Suggestions in Response to FHA Annual Report to Congress

FHA Commission, Brian Montgomery issued his annual report to Congress on November 15, 2018, discussing the state of the MMIF fund and discussed risks to the improving health of the fund, among which was included the topic of the down payment assistance (DPA). This article provides a brief summary of the issues raised in the report, and then provides responses and suggestions for consideration.


The report raises the concern that loans with down payment assistance from “self identified” government entities, which now consist of 11.39% of all FHA purchase production, perform worse historically [7.37% Serious Delinquency (SDQ)] than loans which do not have DPA (4.3%).


The report continues by stating, “FHA is concerned that certain entities are now operating … on a nationwide basis … that appear to increase costs, but not benefits, to the borrower and put the MMIF fund at risk.” It then goes on to discuss that FHA needs to take “swift and decisive action” to define who the prohibited sources (providers) of DPA are in order to avoid the losses which took place due to seller funded DPA in the past, essentially equating the practices of today with the events of a decade ago.


On page 40 of the same report, the SDQ of DPA types is shown in a graph base loan cohort by year originated:

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The graph demonstrates that loans with DPA do perform worse than loans with no DPA. But of interest is the performance of loans where the DPA is coming from family members vs. Government providers. In recent years, the government providers’ loan performance is better than loans where the DPA comes from family members. This is likely due to the higher credit standards government providers require.


FHA is understandably concerned about the prevalence of national DPA providers given the failure to adequately regulate and set standards for the use of seller funded DPA a decade ago, resulting in losses to the MMIF fund. However, when HERA was passed in 2008, tens of thousands of monthly would-be homeowners were shut out of the homebuying process, which exacerbated the real estate crash. In addition, the elimination of DPA resulted in a massive drop in homeownership rates, particularly minorities, which have not recovered to this day.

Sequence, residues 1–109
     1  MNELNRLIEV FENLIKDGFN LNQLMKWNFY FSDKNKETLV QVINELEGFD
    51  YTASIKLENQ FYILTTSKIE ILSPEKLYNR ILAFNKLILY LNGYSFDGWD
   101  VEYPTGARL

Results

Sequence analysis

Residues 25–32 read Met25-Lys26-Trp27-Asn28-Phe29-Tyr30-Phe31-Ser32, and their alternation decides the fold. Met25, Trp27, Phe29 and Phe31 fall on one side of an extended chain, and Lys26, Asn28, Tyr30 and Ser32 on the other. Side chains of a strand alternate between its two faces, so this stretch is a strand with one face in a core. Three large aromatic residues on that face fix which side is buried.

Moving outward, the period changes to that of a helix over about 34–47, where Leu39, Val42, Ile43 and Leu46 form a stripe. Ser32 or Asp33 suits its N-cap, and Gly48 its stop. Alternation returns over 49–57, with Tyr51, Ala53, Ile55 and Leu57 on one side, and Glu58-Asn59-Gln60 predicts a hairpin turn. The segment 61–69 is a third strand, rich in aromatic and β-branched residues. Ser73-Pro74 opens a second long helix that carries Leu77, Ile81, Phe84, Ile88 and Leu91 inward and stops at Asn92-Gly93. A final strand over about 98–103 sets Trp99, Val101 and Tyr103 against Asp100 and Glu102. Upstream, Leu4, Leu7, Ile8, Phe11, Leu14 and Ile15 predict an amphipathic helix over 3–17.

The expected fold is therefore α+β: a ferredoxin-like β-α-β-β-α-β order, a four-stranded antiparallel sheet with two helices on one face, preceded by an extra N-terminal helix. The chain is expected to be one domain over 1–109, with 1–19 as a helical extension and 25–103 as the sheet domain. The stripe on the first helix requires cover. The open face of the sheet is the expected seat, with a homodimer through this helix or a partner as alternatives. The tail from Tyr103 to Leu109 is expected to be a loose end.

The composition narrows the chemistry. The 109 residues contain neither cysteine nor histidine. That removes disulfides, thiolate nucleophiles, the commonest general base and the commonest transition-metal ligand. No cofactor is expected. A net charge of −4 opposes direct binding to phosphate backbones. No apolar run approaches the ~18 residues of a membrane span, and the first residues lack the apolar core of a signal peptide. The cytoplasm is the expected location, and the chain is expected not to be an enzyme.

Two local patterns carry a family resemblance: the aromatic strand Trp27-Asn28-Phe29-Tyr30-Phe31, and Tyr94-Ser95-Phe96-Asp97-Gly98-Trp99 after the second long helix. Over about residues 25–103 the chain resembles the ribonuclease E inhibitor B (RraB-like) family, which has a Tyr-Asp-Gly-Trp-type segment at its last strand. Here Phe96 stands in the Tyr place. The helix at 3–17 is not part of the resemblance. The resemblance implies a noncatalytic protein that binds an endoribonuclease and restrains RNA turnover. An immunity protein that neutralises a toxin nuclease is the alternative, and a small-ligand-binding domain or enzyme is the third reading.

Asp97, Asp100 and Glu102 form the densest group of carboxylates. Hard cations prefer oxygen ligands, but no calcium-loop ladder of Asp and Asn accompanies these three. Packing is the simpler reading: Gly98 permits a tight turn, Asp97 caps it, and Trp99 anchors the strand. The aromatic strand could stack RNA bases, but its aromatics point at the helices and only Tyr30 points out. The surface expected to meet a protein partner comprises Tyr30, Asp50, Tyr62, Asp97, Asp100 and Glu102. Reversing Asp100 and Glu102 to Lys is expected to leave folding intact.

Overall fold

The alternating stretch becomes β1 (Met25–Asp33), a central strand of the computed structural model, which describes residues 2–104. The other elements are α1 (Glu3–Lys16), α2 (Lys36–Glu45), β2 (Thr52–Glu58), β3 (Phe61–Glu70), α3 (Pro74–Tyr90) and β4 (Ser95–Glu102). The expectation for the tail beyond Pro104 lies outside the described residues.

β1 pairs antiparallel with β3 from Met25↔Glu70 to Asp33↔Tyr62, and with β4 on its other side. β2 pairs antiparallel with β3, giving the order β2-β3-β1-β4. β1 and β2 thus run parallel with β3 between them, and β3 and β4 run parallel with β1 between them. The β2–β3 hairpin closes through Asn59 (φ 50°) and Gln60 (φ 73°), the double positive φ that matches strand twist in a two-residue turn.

Is there a way to responsibly provide DPA while at the same time addressing the concerns of potential future risks as outlined in the report? We can state emphatically yes. CBC Mortgage Agency (CBCMA) was organized by the Cedar Band of the Paiute in 2013 as a government provider of DPA. Our goals were threefold:


1. Increase access to homeownership opportunities to those not generally eligible for DPA from State Housing Finance Authorities (HFA) through innovative programs.

2. Reduce costs for borrowers, in terms of rates and fees, while attempting to help lenders avoid losing money while serving these borrowers with FHA/DPA loans.

3. Create national efficiency in an existing market of highly inefficient conglomerations of state and local programs with differing rules, guidelines, and delivery processes.


CBCMA has largely succeeded in these missions, while taking extreme care to ensure the FHA insurance fund is protected. CBCMA created the CRA Note Exchange, which allows DPA to be funded through non YSP mechanisms, a concern raised by the HUD IG.